Boundary presumptions: A quick guide

Boundaries and their maintenance are a common cause of debate between neighbours, particularly as title documents very rarely contain sufficient information as to precise locations. Fortunately, the law offers some helpful presumptions which can sometimes assist in determining a boundary’s position.

“Hedge and Ditch”

One of the more well-known presumptions , the “hedge and ditch” presumption (“H&D Presumption”) can assist in determining ownership and responsibility for maintenance where there is hedge and ditch in situ.

The H&D presumption suggests that a boundary is likely located on the side of the ditch opposite from the hedge. The logic for this is that the person who dug the ditch would have done so on the very edge of their land and, to avoid trespassing, should have deposited the soil behind them. The owner would then establish a hedge on the deposited soil.

Of course, the H&D Presumption only applies to artificial ditches and not naturally occurring ones.

“Ad Medium Filum”

The principle of ad medium filum can provide some clarity where two areas of land are separated by a roadway or water feature.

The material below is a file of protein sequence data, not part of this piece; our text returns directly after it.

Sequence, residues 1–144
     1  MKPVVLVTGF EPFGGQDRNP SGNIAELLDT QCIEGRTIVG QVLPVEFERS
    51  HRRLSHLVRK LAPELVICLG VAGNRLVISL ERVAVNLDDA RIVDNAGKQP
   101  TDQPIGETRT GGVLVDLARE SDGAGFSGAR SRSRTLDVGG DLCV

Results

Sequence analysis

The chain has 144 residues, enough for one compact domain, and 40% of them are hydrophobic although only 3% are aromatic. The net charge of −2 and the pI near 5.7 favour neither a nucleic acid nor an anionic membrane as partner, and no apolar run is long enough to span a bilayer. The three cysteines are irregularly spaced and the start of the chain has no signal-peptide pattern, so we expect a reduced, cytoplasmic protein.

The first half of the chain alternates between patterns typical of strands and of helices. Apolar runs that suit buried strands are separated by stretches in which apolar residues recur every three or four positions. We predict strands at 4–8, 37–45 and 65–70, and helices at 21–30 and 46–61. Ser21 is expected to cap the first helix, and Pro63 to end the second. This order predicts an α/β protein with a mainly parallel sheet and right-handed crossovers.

A roadway or track, and which is not publicly owned or privately owned by another, is presumed owned by each adjoining owner to its mid-point.

If the above can be shown, the conveyances to the relevant owners are deemed to have included half of the roadway even if not shown on the conveyance plans.

Where areas of land are separated by a natural non-tidal river or stream, it is presumed that the boundary follows the mid-point of the water. The adjoining parties therefore own and are responsible for half of the river bed.

If the shape of the watercourse, and therefore its mid-point, should change naturally over time, the boundary changes accordingly. However, where the change is artificial, or is sudden but permanent where artificial or natural, the boundary does not change.

Interestingly, and in spite of existing for rivers, no presumptions appear to exist for lakes.


Projections, such as eaves or foundations, can sometimes extend beyond boundaries. In such cases, they are presumed to be owned with the property they extend from, unless there is clear evidence to the contrary.

It is, however, important that particular rights for these projections (to overhang onto another’s land for example) are granted in favour of the property they protrude from.

For any queries regarding boundary issues or disputes, please contact a member of our property department.

Sam Read is a solicitor in the property department at Barker Gotelee Solicitors in Suffolk.

Property Solicitors – for more information on our range of legal services, please call the team on 01473 611211 or email